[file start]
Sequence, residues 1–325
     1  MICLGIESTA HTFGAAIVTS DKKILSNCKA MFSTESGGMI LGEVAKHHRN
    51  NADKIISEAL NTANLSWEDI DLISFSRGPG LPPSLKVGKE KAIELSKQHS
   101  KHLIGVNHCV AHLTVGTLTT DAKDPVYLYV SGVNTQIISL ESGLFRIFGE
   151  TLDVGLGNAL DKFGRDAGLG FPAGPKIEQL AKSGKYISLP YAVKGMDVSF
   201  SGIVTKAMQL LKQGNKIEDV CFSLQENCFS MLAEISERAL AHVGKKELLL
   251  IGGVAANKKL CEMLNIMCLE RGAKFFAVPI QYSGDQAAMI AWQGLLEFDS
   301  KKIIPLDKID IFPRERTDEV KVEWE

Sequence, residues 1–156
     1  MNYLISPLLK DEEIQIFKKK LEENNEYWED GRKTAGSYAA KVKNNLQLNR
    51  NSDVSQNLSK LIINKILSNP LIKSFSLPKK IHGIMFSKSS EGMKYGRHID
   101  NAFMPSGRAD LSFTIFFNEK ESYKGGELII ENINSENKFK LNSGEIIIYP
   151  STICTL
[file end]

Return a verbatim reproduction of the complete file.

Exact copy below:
Sequence, residues 1–325
     1  MICLGIESTA HTFGAAIVTS DKKILSNCKA MFSTESGGMI LGEVAKHHRN
    51  NADKIISEAL NTANLSWEDI DLISFSRGPG LPPSLKVGKE KAIELSKQHS
   101  KHLIGVNHCV AHLTVGTLTT DAKDPVYLYV SGVNTQIISL ESGLFRIFGE
   151  TLDVGLGNAL DKFGRDAGLG FPAGPKIEQL AKSGKYISLP YAVKGMDVSF
   201  SGIVTKAMQL LKQGNKIEDV CFSLQENCFS MLAEISERAL AHVGKKELLL
   251  IGGVAANKKL CEMLNIMCLE RGAKFFAVPI QYSGDQAAMI AWQGLLEFDS
   301  KKIIPLDKID IFPRERTDEV KVEWE

Sequence, residues 1–156
     1  MNYLISPLLK DEEIQIFKKK LEENNEYWED GRKTAGSYAA KVKNNLQLNR
    51  NSDVSQNLSK LIINKILSNP LIKSFSLPKK IHGIMFSKSS EGMKYGRHID
   101  NAFMPSGRAD LSFTIFFNEK ESYKGGELII ENINSENKFK LNSGEIIIYP
   151  STICTL